How very interesting. For those of you who are familiar with Lost Garden, you may already know the origins of this game. I remember back when that game-making challenge kicked off. This XBLIG release is not the first or only version of "Fishing Girl," but it is the first one I've played - and it's a nice filet of casual gaming.
With graphics courtesy of the Lost Garden guru Daniel Cook, there's no denying the high level of visual appeal. The smooth simple lines, and colorful fish against the neutral background create a beautiful little world that's pleasing to the eye. The clean interface and easy to grasp concept follow suit - creating a casual experience that will appeal to a wide range of gamers.
So what are we talking about here in terms of gameplay? Well, it's time to go fishing - that's right. You're little bear-like creature has access to rods, some lures, and a lake stock full of small, medium, and large fish (along with some superhuge sharks). In general, it's as simple as casting your line and reeling in some fish - you only will use one button (well two, but barely), and you won't be sweating over it. In fact, this game has the opposite effect - it's actually really relaxing and I believe that to be the intent.
There are some intuitive gameplay elements that add to the feeling of progression and reward. Certain lures are better than others, and only work on the appropriate fish. Larger fish will strip you of smaller lures, and weaker fishing rods won't allow you to cast very far or deep into the lake. You eventually need to catch enough fish so that you can earn money to buy upgrades and progress towards the endgame (which I will leave unsaid).
There are varying rarities of fish too, so as you become better at casting, you can attempt to catch the rarest fish and earn more money. This concept taps in to the addictive "collector" mentality, and it's hard to temper the desire grab those fish that are most elusive and hard to come by.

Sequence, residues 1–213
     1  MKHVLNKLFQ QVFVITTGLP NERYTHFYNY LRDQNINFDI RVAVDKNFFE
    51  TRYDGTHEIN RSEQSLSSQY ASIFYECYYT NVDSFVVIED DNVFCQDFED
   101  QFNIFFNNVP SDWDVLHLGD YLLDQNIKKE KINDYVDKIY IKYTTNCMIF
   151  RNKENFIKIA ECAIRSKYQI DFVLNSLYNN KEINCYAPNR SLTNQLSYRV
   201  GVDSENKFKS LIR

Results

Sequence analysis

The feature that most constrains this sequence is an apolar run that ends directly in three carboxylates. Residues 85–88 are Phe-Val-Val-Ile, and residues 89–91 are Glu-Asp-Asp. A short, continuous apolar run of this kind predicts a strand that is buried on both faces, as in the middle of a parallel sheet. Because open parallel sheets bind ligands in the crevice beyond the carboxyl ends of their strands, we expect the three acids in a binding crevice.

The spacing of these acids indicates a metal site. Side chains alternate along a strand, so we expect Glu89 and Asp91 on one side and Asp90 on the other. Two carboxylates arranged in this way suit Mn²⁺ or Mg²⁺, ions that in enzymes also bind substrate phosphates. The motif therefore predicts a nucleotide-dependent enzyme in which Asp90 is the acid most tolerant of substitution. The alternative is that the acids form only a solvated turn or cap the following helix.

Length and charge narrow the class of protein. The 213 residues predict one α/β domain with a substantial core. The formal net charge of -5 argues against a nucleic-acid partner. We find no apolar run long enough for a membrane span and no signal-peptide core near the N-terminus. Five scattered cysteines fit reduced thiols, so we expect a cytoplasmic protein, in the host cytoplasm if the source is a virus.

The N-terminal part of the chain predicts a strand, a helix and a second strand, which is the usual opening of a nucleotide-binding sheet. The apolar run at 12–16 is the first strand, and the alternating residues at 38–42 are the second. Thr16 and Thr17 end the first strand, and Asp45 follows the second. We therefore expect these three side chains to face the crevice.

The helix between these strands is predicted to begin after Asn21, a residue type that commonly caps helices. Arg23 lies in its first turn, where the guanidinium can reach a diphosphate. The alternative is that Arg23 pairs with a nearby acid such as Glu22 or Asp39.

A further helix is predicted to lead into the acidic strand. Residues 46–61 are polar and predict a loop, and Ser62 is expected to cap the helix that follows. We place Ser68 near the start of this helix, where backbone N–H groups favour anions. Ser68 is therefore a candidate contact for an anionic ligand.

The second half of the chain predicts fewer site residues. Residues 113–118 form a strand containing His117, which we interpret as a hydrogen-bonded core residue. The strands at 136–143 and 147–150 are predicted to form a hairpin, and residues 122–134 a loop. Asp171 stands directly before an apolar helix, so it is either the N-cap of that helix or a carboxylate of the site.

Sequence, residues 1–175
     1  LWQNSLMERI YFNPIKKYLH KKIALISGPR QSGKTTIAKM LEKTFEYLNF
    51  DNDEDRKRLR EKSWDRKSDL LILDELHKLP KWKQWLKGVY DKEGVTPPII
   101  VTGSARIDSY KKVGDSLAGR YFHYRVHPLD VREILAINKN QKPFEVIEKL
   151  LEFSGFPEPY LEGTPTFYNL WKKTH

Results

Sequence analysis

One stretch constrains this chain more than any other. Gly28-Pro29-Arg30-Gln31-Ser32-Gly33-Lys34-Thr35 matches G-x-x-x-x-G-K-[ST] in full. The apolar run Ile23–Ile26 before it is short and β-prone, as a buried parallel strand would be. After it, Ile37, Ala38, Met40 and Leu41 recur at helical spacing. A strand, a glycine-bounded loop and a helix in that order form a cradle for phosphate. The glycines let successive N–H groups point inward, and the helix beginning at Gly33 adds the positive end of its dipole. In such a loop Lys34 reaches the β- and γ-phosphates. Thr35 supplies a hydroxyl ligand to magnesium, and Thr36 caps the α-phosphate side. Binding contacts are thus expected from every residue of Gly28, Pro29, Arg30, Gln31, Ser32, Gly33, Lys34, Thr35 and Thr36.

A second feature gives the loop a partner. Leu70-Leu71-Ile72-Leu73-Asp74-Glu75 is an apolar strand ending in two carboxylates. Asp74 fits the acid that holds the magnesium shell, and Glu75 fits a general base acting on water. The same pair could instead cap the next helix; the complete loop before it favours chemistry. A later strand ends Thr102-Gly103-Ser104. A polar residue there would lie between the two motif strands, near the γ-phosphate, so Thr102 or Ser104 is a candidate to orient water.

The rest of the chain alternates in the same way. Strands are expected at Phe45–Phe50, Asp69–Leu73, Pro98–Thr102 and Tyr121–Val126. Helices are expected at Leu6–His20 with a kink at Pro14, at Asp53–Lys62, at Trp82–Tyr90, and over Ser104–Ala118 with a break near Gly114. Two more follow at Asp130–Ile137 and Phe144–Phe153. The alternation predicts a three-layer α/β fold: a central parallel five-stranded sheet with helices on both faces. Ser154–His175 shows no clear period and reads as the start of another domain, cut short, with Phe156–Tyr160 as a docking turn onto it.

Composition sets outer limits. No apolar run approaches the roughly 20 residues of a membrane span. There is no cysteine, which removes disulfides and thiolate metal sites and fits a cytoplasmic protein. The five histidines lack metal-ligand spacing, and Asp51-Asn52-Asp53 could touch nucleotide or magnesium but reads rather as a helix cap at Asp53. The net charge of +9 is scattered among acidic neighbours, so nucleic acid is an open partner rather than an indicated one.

One nice bonus that I appreciate is that there is a little story involved that will help motivate you to keep fishing and progressing - nothing monumental by any means, but effective. Another nice little touch is a built in achievement system that rewards you for hitting certain milestones and achieving perfect casts, etc. They are well-conceived to make you keep playing towards separate goals and had these been real achievements, they'd actually carry some serious weight.
The main issue some players will have with Fishing Girl is that the challenge level is really low, and the overall experience is quite short. Because other Flash versions of the game exist (although most are quite different than this version), I can't imagine this being priced at anything other than 80MP. But at that price, it's a perfect fit and a very worthwhile impulse buy. While nearly polar opposite to I MAED A GAM3 W1TH ZOMBIES 1N IT!!!1 (grrr), it's another great example of simple but well-designed game that will appeal to many at that price. It's a nice trend we're seeing. If you're open to a more casual experience and enjoy a little fishing, I recommend this one.
(you can also see a trailer on Eric W's blog here)